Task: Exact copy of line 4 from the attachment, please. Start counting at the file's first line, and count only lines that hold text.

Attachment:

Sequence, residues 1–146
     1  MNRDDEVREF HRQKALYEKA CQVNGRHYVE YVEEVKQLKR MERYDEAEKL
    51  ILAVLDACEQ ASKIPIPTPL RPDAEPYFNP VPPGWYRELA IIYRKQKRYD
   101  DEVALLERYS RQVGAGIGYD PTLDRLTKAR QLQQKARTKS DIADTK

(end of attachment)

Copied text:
   101  DEVALLERYS RQVGAGIGYD PTLDRLTKAR QLQQKARTKS DIADTK